BB and paintball guns might seem harmless to children, but new research has shown that the number of eye injuries in paintball guns have increased by nearly 170 percent over the past 20 years.
Dr. Gary Smith, study author, said that these injuries can occur in a matter of seconds and can have long-lasting effects. His team observed that the increase in air gun-related eye injuries was despite a slight drop in overall child injury rates. Smith stated that the study examined sports- and recreational-related eye injury over a 23-year span and found a slight decline in overall eye injuries. Smith directs the Center for Injury Research and Policy, Nationwide Children’s Hospital in Columbus.
Smith observed that this overall decline “coincided” with a decrease of participation in many youth activities during this time. Basketball and softball were the most common sports to be linked with eye injuries. They account for around 15% of all eye injuries. The study showed that even though sports-related eye injuries decreased, serious ocular injuries related to BB, paintball, and pellet guns increased. These injuries were responsible for just 11 percent of all pediatric eye injuries, but almost half of those that required hospitalization.
Nearly 80 percent of the most serious injuries were caused by children using a BB gun, or pellet gun.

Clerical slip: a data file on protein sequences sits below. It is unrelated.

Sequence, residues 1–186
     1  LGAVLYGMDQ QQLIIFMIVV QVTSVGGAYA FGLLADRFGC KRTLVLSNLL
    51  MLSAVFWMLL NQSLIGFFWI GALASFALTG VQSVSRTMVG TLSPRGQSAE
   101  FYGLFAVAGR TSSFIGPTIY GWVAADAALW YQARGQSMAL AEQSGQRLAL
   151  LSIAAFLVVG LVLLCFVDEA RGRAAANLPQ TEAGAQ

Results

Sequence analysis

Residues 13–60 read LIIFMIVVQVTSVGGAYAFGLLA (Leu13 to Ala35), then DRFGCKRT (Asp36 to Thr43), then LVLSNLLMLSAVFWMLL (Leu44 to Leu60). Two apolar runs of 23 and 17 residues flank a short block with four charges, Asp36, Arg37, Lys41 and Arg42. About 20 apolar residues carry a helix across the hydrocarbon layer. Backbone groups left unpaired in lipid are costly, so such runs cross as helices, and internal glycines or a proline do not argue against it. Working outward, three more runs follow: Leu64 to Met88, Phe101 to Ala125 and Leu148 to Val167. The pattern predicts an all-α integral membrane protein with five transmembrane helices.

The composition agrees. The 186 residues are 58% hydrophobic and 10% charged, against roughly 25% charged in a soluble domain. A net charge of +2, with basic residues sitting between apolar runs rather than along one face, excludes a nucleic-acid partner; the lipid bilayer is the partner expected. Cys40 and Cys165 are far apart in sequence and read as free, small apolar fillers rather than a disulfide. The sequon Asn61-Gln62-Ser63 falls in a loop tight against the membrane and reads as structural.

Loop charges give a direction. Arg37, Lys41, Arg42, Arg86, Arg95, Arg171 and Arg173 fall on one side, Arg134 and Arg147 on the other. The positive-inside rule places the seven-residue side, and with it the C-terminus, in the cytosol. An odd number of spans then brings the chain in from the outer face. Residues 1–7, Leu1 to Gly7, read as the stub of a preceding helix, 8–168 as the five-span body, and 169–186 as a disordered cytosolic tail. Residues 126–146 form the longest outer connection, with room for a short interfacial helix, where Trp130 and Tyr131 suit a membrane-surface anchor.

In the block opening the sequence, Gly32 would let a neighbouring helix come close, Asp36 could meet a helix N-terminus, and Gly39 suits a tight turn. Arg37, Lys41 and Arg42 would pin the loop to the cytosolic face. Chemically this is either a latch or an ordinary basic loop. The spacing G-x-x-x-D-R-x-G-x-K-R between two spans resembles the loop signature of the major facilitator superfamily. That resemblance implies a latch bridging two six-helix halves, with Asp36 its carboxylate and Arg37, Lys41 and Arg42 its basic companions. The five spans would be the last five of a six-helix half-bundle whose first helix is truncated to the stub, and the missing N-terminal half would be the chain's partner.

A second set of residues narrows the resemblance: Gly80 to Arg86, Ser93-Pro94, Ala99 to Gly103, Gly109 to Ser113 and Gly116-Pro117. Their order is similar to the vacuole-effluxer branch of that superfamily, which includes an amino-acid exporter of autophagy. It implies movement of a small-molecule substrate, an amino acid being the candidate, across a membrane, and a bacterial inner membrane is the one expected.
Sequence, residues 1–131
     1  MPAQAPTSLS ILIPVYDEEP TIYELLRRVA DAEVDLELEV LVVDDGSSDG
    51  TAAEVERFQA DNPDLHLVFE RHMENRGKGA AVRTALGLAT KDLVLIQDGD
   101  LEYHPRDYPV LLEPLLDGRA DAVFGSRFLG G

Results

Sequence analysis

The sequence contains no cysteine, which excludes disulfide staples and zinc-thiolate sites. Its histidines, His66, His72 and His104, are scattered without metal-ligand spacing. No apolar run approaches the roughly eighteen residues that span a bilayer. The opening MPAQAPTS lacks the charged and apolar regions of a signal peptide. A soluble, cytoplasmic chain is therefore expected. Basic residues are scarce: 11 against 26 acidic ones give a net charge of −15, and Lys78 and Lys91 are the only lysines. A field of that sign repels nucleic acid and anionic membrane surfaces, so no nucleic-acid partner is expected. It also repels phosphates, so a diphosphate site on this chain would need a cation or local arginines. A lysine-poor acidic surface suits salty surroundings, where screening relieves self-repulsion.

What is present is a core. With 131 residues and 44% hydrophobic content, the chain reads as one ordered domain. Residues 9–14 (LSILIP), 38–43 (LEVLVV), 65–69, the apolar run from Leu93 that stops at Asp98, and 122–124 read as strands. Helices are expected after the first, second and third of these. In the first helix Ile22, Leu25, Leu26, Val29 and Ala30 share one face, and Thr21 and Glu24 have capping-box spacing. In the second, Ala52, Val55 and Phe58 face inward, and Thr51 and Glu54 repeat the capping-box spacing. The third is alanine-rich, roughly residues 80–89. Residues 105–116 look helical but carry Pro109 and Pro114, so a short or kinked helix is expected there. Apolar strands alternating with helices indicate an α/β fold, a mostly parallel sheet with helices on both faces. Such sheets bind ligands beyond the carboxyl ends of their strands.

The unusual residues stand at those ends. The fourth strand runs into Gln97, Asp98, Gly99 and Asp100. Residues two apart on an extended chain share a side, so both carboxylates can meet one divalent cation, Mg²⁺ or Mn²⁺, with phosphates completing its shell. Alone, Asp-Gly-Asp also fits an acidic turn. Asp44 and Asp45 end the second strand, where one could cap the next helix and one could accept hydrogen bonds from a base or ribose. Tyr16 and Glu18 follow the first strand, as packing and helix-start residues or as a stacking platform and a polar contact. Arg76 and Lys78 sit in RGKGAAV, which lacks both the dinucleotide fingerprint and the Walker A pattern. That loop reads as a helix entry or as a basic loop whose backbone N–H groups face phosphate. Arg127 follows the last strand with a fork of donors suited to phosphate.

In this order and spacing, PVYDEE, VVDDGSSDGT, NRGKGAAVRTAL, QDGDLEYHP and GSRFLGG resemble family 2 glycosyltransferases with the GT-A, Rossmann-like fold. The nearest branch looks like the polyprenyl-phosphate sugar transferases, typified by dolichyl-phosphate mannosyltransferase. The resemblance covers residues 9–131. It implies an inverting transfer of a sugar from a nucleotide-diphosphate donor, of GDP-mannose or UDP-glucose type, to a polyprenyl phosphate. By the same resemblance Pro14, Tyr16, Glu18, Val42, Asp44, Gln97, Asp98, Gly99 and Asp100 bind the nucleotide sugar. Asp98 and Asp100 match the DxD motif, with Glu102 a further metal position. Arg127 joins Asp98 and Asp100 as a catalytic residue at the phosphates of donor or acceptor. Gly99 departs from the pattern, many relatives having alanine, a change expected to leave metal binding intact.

Smith described the trends as “revealing”. He noted that eye injuries from sports and recreation can be prevented. “Increased prevention efforts will be needed.” Smith stated that the findings point to the need for safety eyewear. He acknowledged that this might require a cultural shift within the sport to ensure children use proper eye protection. Smith and his team analyzed data from the U.S. National Electronic Injury Surveillance System to determine trends in eye injuries between 1990-2012. Nearly 442,000 children were included in the data. The highest eye injury risk was found in children between 10 and 17. Boys accounted for three quarters of all accidents.
These findings were published online in Pediatrics on Jan. 8. Smith pointed out that Smith’s study didn’t examine changes in laws and ordinances regarding gun access or use by children. Smith stated that he was unable to pinpoint the causes of the observed rise in non-powder gun-related eyes injuries. Smith advocated for “increased education of child, parent, and coach.”
He noted, for example, that children should not shoot BB or pellet guns at paper targets. Instead, they should aim their guns at gel targets made of paper or gel. These targets are equipped with “backstops”, which absorb the projectile and prevent it from ricocheting. Smith advocated for consistent rules that required the use of eye protection equipment. Dr. Mohamad Jafar, the national chief of ophthalmology, is based in Washington, D.C. at Children’s National Health System. He was not surprised by the results.
He suggested that the number of children with serious eye injuries may be underestimated because more people are seen in “urgent care” centers and pediatric practices. Jaafar suggested a simple rule to reduce risk: “No play, no eyewear.” He said, “It’s as easy as wearing a seatbelt.” We didn’t do this in the past. Now we do. The car won’t roll if you don’t wear a seatbelt. If you don’t have eye protection, the car won’t roll. The statistics should be shown to parents so they can understand how the injury could lead to permanent blindness.